Hippie Food

How Back-to-the-Landers, Longhairs, and Revolutionaries Changed the Way We Eat

Hippie Food Book

Hippie Food tells the story of how spiritual seekers, communards, and activists created a new American cuisine out of brown rice, whole-wheat bread, sprouts, and soybeans.

Call it a brown rice revolution.

The legacy of the 1960s and 1970s is usually defined as one of leftist politics and of sex, drugs, and rock and roll. But the counterculture also reshaped the way most of us eat.

Why exactly did young Americans in the 1960s start eating brown rice and whole-wheat bread? How did alfalfa sprouts, tofu, and tahini make their way to tiny towns all across the country? Why (I ask, with a retroactive howl of anguish) were so many children forced to eat carob candy?

The natural-foods cuisine of the 1970s didn’t emerge out of a vacuum – it gathered up a century’s worth of fringe health movements, charged them with the political spirit of the times, and infused them with the flavors of Eastern Europe, Asia, Latin America, and Africa.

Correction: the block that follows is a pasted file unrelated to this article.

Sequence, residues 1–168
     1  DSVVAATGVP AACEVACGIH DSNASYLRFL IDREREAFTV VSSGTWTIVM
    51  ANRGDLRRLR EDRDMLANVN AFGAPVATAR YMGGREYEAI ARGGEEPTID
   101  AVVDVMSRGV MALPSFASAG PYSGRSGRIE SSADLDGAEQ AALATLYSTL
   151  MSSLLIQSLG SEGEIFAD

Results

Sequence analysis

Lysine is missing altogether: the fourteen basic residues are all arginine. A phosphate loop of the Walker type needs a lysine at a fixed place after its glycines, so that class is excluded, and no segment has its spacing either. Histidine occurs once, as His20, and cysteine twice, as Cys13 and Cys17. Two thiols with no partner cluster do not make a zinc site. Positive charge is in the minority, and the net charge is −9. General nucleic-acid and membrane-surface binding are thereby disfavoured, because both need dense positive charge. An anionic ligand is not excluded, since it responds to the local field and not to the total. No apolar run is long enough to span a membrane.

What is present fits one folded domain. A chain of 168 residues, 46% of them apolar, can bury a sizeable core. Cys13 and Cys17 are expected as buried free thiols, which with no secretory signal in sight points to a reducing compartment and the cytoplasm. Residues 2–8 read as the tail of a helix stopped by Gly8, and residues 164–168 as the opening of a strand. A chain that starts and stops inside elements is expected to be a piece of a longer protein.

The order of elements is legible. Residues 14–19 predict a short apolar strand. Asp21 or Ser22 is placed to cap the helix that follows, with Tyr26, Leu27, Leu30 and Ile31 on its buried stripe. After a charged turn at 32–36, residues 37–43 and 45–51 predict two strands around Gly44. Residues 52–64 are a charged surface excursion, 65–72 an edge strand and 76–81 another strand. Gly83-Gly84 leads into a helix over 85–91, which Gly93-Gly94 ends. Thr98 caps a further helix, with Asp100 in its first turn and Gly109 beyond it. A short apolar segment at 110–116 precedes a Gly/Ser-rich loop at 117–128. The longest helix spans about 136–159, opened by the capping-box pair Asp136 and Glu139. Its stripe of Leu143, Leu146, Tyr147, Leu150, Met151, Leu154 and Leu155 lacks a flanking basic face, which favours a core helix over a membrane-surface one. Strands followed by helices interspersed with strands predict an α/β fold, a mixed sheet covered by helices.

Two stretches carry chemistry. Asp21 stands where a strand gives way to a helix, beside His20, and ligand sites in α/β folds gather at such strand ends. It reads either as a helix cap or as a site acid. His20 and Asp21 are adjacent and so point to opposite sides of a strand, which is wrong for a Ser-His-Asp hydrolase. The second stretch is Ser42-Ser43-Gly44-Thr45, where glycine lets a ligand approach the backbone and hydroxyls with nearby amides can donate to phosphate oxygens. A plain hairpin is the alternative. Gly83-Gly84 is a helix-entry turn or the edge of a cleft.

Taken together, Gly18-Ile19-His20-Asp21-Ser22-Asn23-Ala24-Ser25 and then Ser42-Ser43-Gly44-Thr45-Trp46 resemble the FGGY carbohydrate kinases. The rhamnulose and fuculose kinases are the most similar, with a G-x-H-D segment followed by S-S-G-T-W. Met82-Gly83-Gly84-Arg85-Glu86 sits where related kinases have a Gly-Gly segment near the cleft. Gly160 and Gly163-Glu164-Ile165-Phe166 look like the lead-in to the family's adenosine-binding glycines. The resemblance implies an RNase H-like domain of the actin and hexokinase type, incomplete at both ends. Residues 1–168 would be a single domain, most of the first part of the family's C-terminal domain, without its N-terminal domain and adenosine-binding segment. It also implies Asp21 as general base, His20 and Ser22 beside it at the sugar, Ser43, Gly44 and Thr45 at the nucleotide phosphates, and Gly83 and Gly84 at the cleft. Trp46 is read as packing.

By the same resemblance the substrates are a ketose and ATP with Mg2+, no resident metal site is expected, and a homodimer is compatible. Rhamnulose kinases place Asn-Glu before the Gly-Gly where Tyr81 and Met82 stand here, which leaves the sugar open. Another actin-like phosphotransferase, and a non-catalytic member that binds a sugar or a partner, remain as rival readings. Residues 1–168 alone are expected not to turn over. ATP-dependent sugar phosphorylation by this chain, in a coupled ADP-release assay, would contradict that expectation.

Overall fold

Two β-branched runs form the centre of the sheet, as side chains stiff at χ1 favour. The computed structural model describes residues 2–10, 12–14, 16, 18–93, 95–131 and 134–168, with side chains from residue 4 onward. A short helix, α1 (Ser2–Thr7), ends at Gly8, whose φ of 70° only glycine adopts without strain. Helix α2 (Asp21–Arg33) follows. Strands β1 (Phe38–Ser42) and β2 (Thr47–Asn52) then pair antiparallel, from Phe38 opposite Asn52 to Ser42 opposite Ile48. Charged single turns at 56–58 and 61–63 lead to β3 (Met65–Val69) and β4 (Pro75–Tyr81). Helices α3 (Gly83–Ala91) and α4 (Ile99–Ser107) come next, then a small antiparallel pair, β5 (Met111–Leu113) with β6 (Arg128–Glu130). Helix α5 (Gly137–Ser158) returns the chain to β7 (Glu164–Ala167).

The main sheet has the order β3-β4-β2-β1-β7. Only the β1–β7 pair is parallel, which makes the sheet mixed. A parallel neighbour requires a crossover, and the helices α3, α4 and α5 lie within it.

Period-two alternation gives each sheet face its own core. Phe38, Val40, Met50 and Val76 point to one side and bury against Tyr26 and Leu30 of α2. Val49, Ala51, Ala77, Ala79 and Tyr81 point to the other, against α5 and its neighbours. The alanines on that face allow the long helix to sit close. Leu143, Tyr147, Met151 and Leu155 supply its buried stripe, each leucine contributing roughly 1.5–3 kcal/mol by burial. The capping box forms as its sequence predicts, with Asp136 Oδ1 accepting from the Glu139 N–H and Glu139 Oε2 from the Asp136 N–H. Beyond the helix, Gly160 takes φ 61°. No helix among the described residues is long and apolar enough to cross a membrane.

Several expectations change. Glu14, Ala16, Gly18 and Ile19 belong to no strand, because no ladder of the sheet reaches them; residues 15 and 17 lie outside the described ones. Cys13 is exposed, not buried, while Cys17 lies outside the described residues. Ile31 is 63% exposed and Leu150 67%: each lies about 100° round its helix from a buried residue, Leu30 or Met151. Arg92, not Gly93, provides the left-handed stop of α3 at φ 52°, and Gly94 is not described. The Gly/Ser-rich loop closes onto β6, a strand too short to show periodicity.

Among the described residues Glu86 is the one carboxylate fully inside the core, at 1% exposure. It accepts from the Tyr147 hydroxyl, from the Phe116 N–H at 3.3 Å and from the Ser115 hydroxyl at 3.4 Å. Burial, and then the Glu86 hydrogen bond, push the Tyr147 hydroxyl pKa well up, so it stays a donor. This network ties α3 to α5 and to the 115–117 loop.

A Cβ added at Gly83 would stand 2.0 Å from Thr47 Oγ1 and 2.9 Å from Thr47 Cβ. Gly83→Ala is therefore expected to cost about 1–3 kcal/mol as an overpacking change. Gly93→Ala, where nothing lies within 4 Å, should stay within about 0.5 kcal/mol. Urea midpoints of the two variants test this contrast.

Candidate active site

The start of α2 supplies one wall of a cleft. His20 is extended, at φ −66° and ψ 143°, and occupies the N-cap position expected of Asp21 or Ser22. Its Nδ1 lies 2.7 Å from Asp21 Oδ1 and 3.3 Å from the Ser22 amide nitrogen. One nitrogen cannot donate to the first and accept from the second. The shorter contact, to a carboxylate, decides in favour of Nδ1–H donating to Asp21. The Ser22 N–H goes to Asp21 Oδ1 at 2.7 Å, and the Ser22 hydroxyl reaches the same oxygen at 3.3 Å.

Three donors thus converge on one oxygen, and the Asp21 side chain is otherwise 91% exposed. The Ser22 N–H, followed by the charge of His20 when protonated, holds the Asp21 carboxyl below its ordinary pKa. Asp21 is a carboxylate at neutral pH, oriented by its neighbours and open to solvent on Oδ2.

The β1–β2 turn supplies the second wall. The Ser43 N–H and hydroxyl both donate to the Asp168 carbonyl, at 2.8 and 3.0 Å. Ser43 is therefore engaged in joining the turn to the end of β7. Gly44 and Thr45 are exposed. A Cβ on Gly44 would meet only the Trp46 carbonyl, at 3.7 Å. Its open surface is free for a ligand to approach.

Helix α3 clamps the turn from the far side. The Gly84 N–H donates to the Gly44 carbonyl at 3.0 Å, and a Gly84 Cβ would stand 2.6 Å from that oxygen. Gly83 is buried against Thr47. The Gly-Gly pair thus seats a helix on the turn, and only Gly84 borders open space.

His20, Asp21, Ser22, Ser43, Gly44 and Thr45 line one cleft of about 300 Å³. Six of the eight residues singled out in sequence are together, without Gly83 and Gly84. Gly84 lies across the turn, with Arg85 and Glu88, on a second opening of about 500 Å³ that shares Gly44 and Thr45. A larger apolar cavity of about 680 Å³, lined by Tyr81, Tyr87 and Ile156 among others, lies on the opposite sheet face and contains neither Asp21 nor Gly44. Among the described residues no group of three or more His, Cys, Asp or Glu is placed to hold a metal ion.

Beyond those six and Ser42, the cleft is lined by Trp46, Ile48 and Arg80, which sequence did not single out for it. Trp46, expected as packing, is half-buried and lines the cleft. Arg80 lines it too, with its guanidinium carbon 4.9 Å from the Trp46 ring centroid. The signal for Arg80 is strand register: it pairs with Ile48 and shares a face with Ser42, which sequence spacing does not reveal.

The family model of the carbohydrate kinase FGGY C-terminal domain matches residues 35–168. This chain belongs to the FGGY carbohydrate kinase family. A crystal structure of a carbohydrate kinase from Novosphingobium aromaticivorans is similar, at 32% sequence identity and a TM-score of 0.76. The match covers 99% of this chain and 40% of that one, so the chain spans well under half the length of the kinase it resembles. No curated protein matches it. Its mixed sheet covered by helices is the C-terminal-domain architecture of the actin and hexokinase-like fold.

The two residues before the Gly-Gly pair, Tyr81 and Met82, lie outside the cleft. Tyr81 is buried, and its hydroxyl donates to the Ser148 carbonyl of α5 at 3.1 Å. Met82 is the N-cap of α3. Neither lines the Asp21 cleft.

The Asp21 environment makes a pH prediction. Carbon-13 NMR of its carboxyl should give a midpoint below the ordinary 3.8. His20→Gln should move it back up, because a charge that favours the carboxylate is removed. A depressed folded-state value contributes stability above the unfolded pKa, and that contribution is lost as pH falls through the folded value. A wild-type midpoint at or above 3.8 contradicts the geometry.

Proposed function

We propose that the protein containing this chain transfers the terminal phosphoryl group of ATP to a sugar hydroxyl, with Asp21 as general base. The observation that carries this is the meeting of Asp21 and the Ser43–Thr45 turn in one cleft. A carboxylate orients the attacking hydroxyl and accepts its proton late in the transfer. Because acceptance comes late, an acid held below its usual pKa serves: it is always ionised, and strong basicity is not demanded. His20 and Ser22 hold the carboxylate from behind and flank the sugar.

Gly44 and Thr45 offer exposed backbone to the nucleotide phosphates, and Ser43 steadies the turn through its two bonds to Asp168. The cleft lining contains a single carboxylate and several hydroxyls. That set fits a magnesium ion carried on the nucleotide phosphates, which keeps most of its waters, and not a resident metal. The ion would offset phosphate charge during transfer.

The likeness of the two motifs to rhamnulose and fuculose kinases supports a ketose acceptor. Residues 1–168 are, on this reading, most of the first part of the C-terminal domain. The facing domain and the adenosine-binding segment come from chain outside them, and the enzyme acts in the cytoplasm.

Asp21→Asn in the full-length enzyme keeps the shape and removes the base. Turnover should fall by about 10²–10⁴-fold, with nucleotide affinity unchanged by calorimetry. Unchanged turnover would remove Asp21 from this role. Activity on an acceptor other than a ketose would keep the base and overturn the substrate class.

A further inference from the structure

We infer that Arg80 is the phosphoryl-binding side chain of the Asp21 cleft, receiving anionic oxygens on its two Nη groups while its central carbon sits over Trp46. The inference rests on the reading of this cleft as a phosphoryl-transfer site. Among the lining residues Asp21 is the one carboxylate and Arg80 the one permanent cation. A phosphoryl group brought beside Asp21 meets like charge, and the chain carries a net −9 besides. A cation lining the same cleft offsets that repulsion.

Hippie Food traces the surprising connections that formed this unique cuisine and tells the stories of cooks both famous and obscure. It also looks at how this food movement reshaped the way we all eat today.

Finalist for the Art of Eating and James Beard Awards, 2019

Named one of the best food books of 2018 by the New Yorker and Smithsonian magazines

Reviewed in the New York Times, Wall St. Journal, San Francisco Chronicle, NPR, and Publisher’s Weekly (starred review)

Photo is of the collectively run New Riverside crew, mid 1970s. Credit: Eve MacLeish

Reviews

I thought I knew this story ... but Kauffman has added a lot to it, in the way of both fresh information and narrative verve. ​
In this informative, briskly paced first book, James Beard Award–winning food writer Kauffman details how the concept of health food “evolved in the kitchens of young baby boomers” during the late 1960s counterculture and then in the post-Vietnam age. ... This is an outstanding food and cultural history.
Publishers Weekly
Starred review